New figures confirm pay trends in private sector
Latest figures on earnings and labour costs from the Central Statistics Office show that average earnings in the private sector are not falling as fast as some media reports have suggested. However, a major survey of wage settlements by the Irish Business and Employers’ Confederation demonstrates that pay freezes predominate across economic sectors as competitiveness gradually improves.
A new survey of unionised and non-unionised private sector companies, conducted by the Irish Business and Employers’ Confederation (IBEC), shows that most companies are now freezing pay – a trend that is broadly backed by the latest figures from Ireland’s Central Statistics Office (CSO). While the surveys suggest that competitiveness is improving, they do not back up claims – based largely on anecdotal evidence in the national broadcasting and print media – that pay cuts are widespread in the private sector.
The CSO figures were released without attracting much publicity during the summer holiday period on 7 August 2009. The figures indicate that average earnings are not falling as fast as general media reports have suggested. In the industry sector, the CSO found that hourly earnings, including irregular bonuses, rose by 5.9% from €20.82 to €22.05 an hour in the first quarter of 2009, while the quarterly change was 2.8%. ‘Irregular earnings’ fell slightly from €1.55 to €1.51 an hour. Meanwhile, earnings excluding irregular bonuses rose by 6.5%, from €19.28 to €20.54 an hour in the first quarter of 2009.
Decline in hours worked
The CSO reports that the average paid weekly working hours in industry decreased by 0.9 hours a week – that is, from 37.5 hours in the first quarter of 2008 to 36.6 hours in the first quarter of 2009, constituting a drop of 2.4%. The number of weekly working hours also declined in the financial services sector – decreasing from 33.8 hours over the same period by a total of 1.8%. The number of weekly hours not worked (paid leave) totalled 3.8 hours in the industry sector and 3.9 hours in the financial services sector. Weekly overtime hours amounted to 1.3 hours in the industry sector compared with only 0.3 hours in the financial services sector.
The CSO figures show that, between the first quarter of 2008 and the first quarter of 2009, hourly labour costs rose by 9% in the industry sector – that is, from €24.99 to €27.24 an hour. However, within the financial services sector, labour costs fell from €42.39 to €38.57 an hour , or by 9% over the same period. In the industry sector, ‘other labour costs’ increased from €4.16 to €5.19 an hour, while in the financial services sector there was a slight decrease in other labour costs – more specifically, from €8.23 to €8.20 an hour over the year.
The CSO estimates that some 2,800 employees in the industry sector – representing 1.3% of the total working population – were receiving the national minimum wage of €8.65 an hour in the first quarter of 2009. In comparison, some 4,400 employees (1.9%) were reportedly receiving the minimum rate in the first quarter of 2008.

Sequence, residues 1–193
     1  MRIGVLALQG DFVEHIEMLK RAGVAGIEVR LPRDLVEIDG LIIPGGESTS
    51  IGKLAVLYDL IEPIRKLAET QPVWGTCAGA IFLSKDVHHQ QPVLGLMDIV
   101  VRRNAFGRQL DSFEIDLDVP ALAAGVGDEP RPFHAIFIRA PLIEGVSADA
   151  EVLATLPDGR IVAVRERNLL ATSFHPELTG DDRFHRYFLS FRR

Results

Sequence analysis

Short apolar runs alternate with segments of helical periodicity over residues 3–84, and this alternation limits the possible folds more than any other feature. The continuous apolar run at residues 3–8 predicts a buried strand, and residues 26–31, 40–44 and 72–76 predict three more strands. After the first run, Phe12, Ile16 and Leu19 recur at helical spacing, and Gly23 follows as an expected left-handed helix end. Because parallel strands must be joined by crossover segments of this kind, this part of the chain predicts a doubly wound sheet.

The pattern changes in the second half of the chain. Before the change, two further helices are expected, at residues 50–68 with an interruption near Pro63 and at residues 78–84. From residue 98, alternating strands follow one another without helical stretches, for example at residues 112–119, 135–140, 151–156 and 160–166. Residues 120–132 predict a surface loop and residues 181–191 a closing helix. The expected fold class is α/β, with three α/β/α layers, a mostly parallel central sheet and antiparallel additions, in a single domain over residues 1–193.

IBEC survey findings
The latest IBEC private sector pay survey, published in September 2009 and carried out in August, covers 508 companies employing over 86,000 employees altogether. The survey shows that pay freezes have continued to predominate throughout the economy in August, as already identified in IBEC’s May 2009 survey, with 59% of companies introducing pay freezes. However, a slightly larger proportion of companies are now introducing wage cuts, compared with the findings for the May survey, while fewer enterprises are paying wage rises.
The latest IBEC survey also found that:
- more than half of companies (56%) have reduced their pay bill over the past 12 months, by an average of 21%;
- over half of companies have implemented pay freezes (59%) and staff reductions (55%) in 2009;
- recruitment freezes (59%) and retraining of existing staff (45%) are among the most likely actions by employers in the next three months;
- a reduction in the number of permanent staff is expected in 28% of companies and is under consideration in a further 42% of companies;
- for 2010, almost half of companies (48%) expect their pay bill to remain the same, while one third of companies (33%) expect it to decrease – the average decrease expected is 14%;
- a reduction in the number of temporary staff is expected in 32% of companies, with 29% of enterprises considering this option;
- short-time working is expected in 22% of companies, with a further 45% considering its implementation;
- some 31% of businesses intend to eliminate bonus payments, while a further 29% intend to reduce such payments.
Of those companies introducing cuts in basic pay, some 30% are intending to implement cuts in management grades; a further 22% of companies are planning to apply such cuts to salaried staff, while 14% of enterprises are directing the cuts at production workers. Looking ahead to the next three month period – that is, from October to December 2009 – the survey forecasts that for all staff categories, some 76% of companies anticipate that they will be maintaining pay freezes, while 9% may consider increasing pay and a further 8% may choose to cut pay ‘at the next pay review date’. An additional 1% of companies confirmed that they intend to reverse a previous pay cut.
Brian Sheehan, IRN Publishing